The Great Proletarian Cultural Revolution roiled mainland China from 1966 to 1976. Inspired, perhaps even triggered, by Chairman Mao, it was a violent reaction to perceived capitalist, counter-revolutionary forces infiltrating governmental and cultural institutions.
Its costs were incalculable. Millions of people were tortured, imprisoned and killed. Untold treasures, most from the Imperial age, were looted or destroyed. Economic expansion, even agricultural self-sufficiency, was all but halted for a generation. It can be argued that it was the normalization of relations with the West (leading to contemporary China’s status as an economic superpower), that finally began to heal the Cultural Revolution’s wounds.
This history is instructive, perhaps cautionary, because China stands today on the brink of another reactionary convulsion. Only time will tell if it’s as momentous and ruinous as Mao’s great class struggle.
Its impetus is playing out, even now, in Western media as well as Chinese state television. It’s the ongoing downfall of Bo Xilai, former mayor of Chongqing and, at one time, a rising star of the communist party.
The scandal reads like cheap fiction in its tawdriness and improbability. It began to unravel on February 6, when Bo’s deputy mayor and chief of police, Wang Lijun, sought asylum at Chongqing’s U.S. consulate. As hundreds of Chinese troops began surrounding the consulate, Wang spun a tale for the incredulous Americans: breathtaking corruption, hundreds of millions of dollars in bribes, and the murder of a British citizen, Neil Heywood.
Within 24 hours the consular officials rejected Wang’s petition, citing the impossibility of spiriting him out of the country. He was turned over to the Chinese and promptly disappeared into a prison system controlled by Bo.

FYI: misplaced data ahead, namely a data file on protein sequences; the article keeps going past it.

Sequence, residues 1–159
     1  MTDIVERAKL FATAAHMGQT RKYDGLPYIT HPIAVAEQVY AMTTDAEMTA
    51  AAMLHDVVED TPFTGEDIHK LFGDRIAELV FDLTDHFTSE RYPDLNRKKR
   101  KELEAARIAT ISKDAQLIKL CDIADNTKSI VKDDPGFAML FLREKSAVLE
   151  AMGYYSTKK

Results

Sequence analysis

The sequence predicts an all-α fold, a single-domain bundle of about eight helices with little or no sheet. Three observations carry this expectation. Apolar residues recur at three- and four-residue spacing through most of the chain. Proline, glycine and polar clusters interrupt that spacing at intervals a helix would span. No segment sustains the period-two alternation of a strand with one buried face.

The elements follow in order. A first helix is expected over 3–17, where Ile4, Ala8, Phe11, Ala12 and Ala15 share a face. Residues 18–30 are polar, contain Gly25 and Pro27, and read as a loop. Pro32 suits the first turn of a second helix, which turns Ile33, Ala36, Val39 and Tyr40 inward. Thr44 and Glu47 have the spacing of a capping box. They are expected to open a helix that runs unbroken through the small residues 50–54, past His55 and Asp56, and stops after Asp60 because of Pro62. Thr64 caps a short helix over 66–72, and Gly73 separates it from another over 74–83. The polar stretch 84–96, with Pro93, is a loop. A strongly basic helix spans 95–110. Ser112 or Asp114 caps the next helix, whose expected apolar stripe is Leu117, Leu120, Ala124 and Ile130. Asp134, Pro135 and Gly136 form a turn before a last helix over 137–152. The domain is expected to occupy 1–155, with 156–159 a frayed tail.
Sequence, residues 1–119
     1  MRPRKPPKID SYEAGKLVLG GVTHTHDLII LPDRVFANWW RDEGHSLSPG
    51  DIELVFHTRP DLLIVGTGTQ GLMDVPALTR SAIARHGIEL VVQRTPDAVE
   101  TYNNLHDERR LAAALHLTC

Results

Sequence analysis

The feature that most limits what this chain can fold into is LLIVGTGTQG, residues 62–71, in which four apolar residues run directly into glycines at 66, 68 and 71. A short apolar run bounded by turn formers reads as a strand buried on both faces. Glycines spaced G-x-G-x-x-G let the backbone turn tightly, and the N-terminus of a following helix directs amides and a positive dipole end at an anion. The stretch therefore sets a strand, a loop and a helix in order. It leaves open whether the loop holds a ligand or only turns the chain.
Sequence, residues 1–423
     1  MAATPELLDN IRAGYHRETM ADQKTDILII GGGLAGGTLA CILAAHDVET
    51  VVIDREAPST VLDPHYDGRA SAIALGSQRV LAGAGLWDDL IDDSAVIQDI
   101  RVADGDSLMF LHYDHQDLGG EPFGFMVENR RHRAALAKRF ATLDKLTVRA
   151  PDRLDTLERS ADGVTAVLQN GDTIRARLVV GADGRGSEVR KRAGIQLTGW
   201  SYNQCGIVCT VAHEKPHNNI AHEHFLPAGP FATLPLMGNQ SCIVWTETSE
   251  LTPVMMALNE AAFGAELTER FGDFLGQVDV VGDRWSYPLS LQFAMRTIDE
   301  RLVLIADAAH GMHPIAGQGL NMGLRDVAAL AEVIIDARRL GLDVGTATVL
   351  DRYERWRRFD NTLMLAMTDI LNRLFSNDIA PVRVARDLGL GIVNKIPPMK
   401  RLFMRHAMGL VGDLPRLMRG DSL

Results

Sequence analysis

The damage was done, however, and the story was out. Within weeks Bo Xilai was suspended from all party and governmental positions. Shortly thereafter his wife, Gu Kailai, was arrested and formally charged with poisoning Heywood.
Chinese authorities promise full accountability, and the story thus far is attracting extraordinary coverage in the state-controlled news media. It’s this uncharacteristic openness, compounded by a widespread revulsion at the illicit wealth accumulated by Bo and his family, that might yet lead to something like a second Cultural Revolution.
The targets will likely be the so-called Red Aristocracy: party apparatchiks who have parlayed position into riches. They have taken to heart former premier Deng Xiaoping‘s era-defining slogan: “To be rich is glorious.” They prove, once and for all, that this is not their fathers’ communist party.
Consider the “princeling” Bo Guagua, son of Bo Xilai and Gu Kailai. His life of excess was legendary even before his parents’ scandal broke. His father, in better times, once attempted to deflect criticism by scornfully relaying some of the charges against him, which he called preposterous: “They say my son goes to Oxford and drives a Ferrari.” Well, no. By that time Bo Guagua had transferred from Oxford to Harvard. And he drives a Porsche.
In a nominally classless society, the privileges of the Red Aristocracy must surely rankle. The question is, how much do they rankle, and what’s to be done about it?
The original Cultural Revolution was implemented, and its worst atrocities committed, by the Red Guard, a Maoist youth movement. Today’s Chinese youth are far different; much more likely to agitate for progressive reform than for communist orthodoxy. They are more educated, more worldly, and much more interested in China’s future on the international stage.
Still, they must be as susceptible as anyone to class jealousy and to the glaring inequalities that pervades their society. And their society’s leaders must surely know this.
The Bo backlash is coming, of that there can be no doubt. Whether it comes as bloodshed or meaningful reform, remains to be seen.